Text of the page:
Nomadland is a blend of documentary and narrative historical fiction. Daniel Day-Lewis may be the most famous method-actor, but Frances McDormand gives him a run for the money in Nomadland. McDormand plays Fern, a widow who has transitioned to van life, traveling around the American west in a van and working seasonal jobs. McDormand lived in the van for most of the filming and blended into the nomad community so well that she was offered jobs like other nomads.
Most of the people in the film are actual nomads. David Strathairn is one of the few other actors and plays a sort of love interest, Dave. He is much more interested in getting to know Fern than Fern is in getting to know him. This is also the narrative fiction part of the film and I did not like it. The film has a stark split between conversations with nomads and what their lives are like and this will they won’t they between Fern and Dave. The love story is a detriment to the film and uninteresting.
The Fern and Dave story tries to justify its existence as Dave moves back into a home with his son and a new grandson. It shows one possible exit of the nomad lifestyle for a meaningful reason. Fern visits Dave for a few days to attempt the same exit, but it doesn’t suit her. That is another valid option for nomads, to continue to reject living stationery in a house.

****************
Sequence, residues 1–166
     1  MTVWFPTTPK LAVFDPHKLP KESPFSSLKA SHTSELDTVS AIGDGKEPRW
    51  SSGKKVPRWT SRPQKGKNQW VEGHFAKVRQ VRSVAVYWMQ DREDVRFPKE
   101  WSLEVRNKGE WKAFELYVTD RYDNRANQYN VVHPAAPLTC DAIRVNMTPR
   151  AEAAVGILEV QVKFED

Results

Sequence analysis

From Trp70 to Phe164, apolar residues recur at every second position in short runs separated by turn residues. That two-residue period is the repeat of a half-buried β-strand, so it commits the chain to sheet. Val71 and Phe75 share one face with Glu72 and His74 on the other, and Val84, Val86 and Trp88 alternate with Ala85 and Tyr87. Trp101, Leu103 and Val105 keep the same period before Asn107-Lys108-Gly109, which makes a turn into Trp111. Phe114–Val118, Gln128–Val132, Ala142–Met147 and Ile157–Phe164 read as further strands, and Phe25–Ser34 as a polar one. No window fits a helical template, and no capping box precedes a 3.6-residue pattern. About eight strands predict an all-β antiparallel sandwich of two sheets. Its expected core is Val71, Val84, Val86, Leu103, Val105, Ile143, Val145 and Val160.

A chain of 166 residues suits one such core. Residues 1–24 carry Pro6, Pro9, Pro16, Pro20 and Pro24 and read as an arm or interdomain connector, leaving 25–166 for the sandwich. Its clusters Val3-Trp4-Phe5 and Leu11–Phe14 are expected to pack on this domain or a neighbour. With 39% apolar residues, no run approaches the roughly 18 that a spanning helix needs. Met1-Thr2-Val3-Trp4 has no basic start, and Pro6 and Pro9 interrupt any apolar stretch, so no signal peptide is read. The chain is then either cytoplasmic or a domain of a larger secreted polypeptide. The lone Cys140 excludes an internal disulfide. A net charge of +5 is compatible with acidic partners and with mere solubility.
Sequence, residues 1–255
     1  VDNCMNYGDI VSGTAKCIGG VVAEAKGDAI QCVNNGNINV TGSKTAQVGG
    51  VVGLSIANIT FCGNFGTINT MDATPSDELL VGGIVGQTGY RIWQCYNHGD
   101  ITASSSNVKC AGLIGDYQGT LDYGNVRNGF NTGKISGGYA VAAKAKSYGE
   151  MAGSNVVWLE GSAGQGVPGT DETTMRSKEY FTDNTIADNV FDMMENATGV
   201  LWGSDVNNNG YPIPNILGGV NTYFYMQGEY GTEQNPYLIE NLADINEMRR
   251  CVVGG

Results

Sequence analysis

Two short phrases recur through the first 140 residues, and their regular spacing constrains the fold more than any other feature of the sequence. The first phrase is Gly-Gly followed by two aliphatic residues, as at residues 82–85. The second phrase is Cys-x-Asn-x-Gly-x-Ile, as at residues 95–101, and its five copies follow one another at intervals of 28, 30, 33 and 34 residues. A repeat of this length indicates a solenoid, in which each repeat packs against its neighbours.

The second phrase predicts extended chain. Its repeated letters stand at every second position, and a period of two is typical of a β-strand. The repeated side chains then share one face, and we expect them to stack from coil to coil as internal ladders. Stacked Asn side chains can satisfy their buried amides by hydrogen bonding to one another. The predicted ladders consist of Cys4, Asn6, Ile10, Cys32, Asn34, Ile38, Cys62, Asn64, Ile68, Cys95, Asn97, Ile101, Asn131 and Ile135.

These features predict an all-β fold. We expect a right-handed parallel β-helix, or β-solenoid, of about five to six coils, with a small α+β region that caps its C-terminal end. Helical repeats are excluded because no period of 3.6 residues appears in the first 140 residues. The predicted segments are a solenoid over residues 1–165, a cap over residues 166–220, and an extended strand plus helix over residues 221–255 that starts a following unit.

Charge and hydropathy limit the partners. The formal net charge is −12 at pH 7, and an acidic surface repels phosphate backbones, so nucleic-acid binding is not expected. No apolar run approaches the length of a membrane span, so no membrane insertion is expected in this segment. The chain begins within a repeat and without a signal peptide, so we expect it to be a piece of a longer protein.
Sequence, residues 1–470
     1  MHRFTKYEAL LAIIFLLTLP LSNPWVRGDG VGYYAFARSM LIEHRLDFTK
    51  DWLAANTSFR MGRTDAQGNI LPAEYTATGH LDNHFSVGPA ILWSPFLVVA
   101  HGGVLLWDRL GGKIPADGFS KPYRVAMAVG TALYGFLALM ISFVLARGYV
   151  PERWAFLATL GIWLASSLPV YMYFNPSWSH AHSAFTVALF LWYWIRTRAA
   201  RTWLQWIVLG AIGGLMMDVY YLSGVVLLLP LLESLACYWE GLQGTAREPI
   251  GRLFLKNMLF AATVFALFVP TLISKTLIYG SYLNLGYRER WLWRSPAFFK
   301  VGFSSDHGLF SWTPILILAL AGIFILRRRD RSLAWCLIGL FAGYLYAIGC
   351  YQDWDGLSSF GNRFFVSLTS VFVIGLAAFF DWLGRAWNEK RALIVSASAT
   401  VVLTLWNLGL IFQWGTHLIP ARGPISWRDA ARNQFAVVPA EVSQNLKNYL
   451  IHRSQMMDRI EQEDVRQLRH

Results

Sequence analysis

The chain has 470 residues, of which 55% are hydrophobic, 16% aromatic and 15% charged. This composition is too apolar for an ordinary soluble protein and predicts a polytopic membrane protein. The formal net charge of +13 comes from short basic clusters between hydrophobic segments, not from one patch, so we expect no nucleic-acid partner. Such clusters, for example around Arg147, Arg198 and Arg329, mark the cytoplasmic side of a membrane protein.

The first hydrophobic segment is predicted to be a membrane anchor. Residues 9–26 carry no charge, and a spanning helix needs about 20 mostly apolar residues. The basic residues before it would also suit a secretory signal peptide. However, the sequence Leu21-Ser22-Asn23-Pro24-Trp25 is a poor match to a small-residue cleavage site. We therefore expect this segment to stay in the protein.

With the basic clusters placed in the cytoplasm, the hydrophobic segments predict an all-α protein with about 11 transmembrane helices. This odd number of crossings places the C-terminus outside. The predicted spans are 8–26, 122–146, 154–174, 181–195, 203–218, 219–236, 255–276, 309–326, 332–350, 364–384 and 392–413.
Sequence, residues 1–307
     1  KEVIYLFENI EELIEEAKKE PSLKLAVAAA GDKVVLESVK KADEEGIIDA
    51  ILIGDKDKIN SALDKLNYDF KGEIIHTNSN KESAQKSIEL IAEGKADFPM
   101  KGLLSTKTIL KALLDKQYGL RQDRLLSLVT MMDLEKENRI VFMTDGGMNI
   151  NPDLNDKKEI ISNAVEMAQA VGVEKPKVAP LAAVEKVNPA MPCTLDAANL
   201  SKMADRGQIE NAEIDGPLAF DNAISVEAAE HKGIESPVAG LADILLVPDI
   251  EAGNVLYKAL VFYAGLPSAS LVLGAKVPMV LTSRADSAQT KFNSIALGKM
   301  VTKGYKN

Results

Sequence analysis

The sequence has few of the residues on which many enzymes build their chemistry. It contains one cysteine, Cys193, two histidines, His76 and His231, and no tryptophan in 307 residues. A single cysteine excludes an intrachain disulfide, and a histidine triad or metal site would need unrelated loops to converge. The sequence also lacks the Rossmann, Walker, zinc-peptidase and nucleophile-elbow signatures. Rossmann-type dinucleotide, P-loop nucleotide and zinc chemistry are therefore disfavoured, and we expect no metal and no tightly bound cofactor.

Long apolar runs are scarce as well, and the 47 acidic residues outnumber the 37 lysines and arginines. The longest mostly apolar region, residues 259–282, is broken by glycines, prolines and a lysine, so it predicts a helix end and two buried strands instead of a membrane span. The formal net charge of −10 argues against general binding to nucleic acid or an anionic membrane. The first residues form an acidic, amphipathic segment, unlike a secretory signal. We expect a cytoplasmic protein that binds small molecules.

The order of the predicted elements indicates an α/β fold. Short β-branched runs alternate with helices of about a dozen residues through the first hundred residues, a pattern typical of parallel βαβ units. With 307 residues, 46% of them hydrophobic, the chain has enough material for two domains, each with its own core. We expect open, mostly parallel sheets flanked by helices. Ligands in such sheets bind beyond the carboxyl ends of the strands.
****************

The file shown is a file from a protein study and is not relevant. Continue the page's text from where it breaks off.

The film does a wonderful job of showing the real lives of nomads and exploring their reasoning. McDormand worked, for a few days, some of the jobs that these people have. She harvested beets, worked as a camp steward in a national park, and worked in an Amazon distribution center. The film does not comment on the nature of this work aside from it being physically demanding and sufficiently paid to move to the next place. The conversations around these jobs are wonderfully insightful.
This film will inspire wanderlust. A lot of the camping takes place on deserted Bureau of Land Management lands where anyone can camp. The film may be showing viable covid safe vacation options if you are up for long drives and isolated camping. Aside from the wanderlust, you will take away a new perspective on an alternative lifestyle and a glimpse into a community you are not familiar with. I did not leave with any emotional connection to Fern or Dave’s love story and still believe it distracted too much from the film. It was a balancing act that tipped too far.